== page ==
New National Research from Baylor Religion Survey about Values, Mental Health and Technology Will Be Presented to the Religion Newswriters Association Sept. 7-9

BRS 2017
Baylor sociologists Paul Froese, Andrew Whitehead and Kevin Dougherty present Wave 3 of Baylor Religion Survey in 2011 at a press conference. At left is Lori Fogleman, assistant vice president of Baylor Media Communications.
July 12, 2017

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Contact: Terry Goodrich,(254) 710-3321

WACO, Texas (July 12, 2017) — The fifth wave of the Baylor Religion Survey — “American Values, Mental Health, and Using Technology in the Age of Trump” — will be presented by Baylor sociologists at the Religion Newswriters Association annual conference Sept. 7-9 in Nashville, Tenn.

Issues examined in the latest wave include four key areas:

  • The religious, political and ideological values of Trump voters
  • Mental health and religion in America today
  • The intersection of technology and religion
  • The geography of religion
  • “We collected our data during the first few months of the Trump Presidency. This was an ideal time to capture the uneasy tenor of American public opinion, especially with regards to the intersection of religion, politics and mental health,” said Paul Froese, Ph.D., professor of sociology in Baylor’s College of Arts & Sciences and director of Baylor Religion Surveys.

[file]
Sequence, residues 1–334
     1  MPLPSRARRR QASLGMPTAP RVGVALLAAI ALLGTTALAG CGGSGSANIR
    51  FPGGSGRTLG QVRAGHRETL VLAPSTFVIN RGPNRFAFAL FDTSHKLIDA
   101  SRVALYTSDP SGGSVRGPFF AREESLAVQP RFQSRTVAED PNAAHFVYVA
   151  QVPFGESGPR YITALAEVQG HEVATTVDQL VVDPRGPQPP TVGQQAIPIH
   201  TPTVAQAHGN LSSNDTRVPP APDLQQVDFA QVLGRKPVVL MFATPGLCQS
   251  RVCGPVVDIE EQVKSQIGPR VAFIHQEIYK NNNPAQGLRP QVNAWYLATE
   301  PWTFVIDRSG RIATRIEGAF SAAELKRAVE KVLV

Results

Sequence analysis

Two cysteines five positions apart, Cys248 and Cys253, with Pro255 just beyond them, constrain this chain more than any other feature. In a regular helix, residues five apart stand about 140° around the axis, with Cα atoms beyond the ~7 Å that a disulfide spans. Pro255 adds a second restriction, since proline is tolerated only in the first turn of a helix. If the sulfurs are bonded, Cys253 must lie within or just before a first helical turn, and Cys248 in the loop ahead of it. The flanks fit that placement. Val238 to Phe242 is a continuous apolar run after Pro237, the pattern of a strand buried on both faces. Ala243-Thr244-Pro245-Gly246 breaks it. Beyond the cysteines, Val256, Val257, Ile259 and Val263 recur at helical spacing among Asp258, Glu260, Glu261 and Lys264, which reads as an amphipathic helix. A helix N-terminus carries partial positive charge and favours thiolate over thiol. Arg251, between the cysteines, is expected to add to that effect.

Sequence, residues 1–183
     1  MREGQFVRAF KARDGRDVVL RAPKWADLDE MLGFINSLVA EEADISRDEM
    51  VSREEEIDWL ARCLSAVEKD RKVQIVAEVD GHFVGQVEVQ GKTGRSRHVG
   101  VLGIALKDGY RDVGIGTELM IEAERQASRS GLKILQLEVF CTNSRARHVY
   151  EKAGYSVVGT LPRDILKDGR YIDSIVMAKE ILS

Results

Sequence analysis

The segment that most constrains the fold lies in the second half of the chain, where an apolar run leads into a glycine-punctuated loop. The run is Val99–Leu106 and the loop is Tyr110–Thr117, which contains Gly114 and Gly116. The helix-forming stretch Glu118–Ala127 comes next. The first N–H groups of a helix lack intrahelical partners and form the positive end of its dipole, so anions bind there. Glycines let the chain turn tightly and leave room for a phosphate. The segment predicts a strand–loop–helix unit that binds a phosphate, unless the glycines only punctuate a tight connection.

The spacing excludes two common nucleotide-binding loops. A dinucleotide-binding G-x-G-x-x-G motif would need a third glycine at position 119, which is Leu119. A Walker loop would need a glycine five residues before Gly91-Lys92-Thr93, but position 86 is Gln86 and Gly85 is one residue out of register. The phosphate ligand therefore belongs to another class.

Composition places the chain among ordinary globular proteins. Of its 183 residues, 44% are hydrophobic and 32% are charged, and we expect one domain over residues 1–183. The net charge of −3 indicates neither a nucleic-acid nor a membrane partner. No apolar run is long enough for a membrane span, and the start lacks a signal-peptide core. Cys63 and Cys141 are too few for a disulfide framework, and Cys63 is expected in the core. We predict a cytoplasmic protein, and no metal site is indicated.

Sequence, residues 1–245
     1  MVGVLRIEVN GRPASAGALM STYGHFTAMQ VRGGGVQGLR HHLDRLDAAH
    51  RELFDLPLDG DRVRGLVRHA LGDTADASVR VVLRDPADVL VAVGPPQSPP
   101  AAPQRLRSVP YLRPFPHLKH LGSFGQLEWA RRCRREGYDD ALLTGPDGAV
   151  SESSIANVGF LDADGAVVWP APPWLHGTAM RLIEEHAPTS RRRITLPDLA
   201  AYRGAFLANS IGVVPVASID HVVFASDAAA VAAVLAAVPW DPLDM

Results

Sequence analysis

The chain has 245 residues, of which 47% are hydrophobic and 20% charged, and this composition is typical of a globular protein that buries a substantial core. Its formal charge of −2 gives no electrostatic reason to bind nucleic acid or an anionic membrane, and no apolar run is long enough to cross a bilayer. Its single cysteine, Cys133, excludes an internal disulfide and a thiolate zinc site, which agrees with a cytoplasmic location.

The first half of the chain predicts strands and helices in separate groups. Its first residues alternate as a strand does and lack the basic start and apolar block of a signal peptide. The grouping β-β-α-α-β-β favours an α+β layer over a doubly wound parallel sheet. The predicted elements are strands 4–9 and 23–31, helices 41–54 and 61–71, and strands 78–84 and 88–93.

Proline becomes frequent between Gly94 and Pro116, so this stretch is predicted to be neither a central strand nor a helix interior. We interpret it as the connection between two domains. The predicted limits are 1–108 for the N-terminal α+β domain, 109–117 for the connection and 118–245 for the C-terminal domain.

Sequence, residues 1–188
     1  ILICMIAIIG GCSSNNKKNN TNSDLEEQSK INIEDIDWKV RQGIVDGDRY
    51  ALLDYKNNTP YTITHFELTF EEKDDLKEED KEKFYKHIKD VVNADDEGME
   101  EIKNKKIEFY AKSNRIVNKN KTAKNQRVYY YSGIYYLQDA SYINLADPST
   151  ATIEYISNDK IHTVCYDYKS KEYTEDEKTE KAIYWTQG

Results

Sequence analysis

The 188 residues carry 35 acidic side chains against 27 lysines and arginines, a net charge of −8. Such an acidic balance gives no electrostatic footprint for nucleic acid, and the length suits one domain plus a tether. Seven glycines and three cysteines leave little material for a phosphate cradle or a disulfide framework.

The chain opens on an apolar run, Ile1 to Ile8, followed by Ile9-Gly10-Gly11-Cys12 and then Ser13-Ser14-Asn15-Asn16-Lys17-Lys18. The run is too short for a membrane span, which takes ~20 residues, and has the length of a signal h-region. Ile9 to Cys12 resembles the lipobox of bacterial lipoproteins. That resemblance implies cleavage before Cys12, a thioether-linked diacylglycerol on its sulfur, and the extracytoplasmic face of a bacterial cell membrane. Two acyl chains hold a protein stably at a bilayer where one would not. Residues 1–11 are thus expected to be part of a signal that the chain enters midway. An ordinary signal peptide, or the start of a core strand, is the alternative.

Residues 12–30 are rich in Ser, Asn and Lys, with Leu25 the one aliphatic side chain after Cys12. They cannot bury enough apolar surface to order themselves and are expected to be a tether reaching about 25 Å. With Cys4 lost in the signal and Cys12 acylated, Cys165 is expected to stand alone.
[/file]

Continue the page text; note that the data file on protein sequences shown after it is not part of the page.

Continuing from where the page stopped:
“Today, divisions in the American public are stark, and we can trace many of our deep differences to how people understand traditional morality, theology and the religious purpose of our nation,” Froese said.

    Data analyzed in this wave was gathered from a sample of 1,501 respondents.

    The Baylor Religion Survey, an extensive study of religion conducted into American religious attitudes, behaviors and beliefs, was initiated in 2005 by researchers from Baylor’s department of sociology and Institute for Studies of Religion (ISR), with initial funding from the John Templeton Foundation and a partnership with the Gallup Organization.

    Previous waves were released in 2006, 2008, 2011 and 2014.

    Researchers have studied several hot-button issues within America’s religious landscape, among them the significance of religion in America, the supersizing of faith at America's megachurches, religious and paranormal beliefs, the link between religion and physical and mental health and religion's impact on work and entrepreneurship.

    Baylor researchers who have participated in the survey since its beginning include faculty members in the department of sociology in the College of Arts and Sciences, Hankamer School of Business and ISR.

    Fifteen Baylor sociologists participated in the latest wave of the study.

    Traveling to Nashville to present survey findings will be Paul Froese, Ph.D., professor of sociology in Baylor’s College of Arts & Sciences and director of Baylor Religion Surveys; Jerry Z. Park, Ph.D., associate professor of sociology; and Lindsay Wilkinson, assistant professor of sociology.

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